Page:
before you read, see previous post for introduction:
Stephanie Brooks graduated from 1991 from UC Berkeley in a combination Bachelor’s and dietetic internship program for nutrition and clinical dietetics. She then went on to San Jose State University for her master’s degree and also received a certificate in eating disorders from John F. Kennedy University. On her education, she says that “…Advance training in counseling and eating disorders… is a must when working with people. I’d do it this way again if available.”
She founded Bay Area Nutrition in 1999, which now has two branches in Campbell and Gilroy and includes 6 RD’s. In addition to providing nutrition therapy and presentations to individuals through her company, she does counseling for professionals and students.
Reflecting on her journey, she writes that she is where she is today “with a lot of hard work, family support and understanding and a passion for the profession… I started in clinical hospital work at an acute hospital where I learned a ton and felt that really paved a way for a good solid back bone in nutrition.” Research during grad school was enjoyable for the “challenge and creativity”, but she experienced “vacuum and isolation” and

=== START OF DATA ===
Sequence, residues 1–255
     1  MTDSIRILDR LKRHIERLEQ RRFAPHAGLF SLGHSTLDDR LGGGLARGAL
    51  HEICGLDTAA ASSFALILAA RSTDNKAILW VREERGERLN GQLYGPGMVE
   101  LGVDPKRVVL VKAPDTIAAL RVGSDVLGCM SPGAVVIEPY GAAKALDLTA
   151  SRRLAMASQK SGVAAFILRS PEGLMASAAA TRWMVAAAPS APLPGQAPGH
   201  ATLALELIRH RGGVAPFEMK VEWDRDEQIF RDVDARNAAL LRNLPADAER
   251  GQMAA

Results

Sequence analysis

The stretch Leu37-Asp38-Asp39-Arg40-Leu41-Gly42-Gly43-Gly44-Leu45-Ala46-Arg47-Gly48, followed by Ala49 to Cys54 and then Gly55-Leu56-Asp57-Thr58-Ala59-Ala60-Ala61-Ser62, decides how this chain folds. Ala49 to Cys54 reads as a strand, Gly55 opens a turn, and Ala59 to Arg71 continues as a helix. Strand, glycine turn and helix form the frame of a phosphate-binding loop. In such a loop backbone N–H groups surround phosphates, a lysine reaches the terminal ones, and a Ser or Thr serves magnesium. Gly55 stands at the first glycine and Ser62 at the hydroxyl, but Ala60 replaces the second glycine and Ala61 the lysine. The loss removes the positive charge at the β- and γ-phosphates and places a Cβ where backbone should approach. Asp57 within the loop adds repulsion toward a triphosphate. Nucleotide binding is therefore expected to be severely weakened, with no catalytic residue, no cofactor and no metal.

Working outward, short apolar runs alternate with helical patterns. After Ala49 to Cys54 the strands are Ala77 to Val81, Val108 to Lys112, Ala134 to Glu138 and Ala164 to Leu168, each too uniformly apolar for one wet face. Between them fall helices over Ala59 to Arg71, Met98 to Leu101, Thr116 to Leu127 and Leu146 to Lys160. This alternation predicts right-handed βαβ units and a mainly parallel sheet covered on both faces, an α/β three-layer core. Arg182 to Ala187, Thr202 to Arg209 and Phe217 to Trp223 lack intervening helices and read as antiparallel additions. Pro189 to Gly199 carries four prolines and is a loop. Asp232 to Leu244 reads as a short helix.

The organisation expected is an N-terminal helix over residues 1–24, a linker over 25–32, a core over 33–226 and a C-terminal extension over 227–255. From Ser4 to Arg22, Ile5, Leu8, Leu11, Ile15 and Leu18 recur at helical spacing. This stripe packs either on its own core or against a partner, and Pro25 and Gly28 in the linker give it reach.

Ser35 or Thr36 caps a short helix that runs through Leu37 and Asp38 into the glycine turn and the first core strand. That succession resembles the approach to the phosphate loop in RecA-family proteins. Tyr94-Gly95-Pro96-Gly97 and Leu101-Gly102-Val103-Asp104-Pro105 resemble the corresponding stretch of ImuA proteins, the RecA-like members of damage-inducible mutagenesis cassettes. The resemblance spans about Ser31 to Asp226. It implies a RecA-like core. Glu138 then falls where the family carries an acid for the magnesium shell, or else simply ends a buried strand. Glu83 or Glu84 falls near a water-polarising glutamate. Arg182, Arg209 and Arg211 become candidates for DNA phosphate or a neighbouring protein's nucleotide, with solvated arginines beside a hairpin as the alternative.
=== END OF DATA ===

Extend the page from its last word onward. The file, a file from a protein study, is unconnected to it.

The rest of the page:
learned early on that she preferred to “work with people and enjoyed helping them find healthier ways to take care of themselves”.
Stephanie specializes in eating disorders, pediatric feeding problems and food allergies. In her practice, she uses the “Non-Diet” approach to nutrition, instead emphasizing physical, emotional and spiritual needs. She also practices with the “Health at Every Size” philosophy, helping clients to “accept and find their natural size while creating a healthier relationship with food”.
“Complicated cases with complicated fragmented family situations, coupled with professionals who don’t want to work as a team”, can make the job challenging, as well as “insurance of other financial resources that limit the work needing to be done.” In spite of this, she remains passionate about counseling to reach “the Ah Ha moments where people get it, or feel better. How much work can the client do for [him or herself] and can the RD have the patience, counseling skill and tolerance to work with the client at the client’s pace to improve health? If so then a lot can be accomplished.”
Many thanks to Stephanie for answering my questions and giving me the permission to post this to share with you all!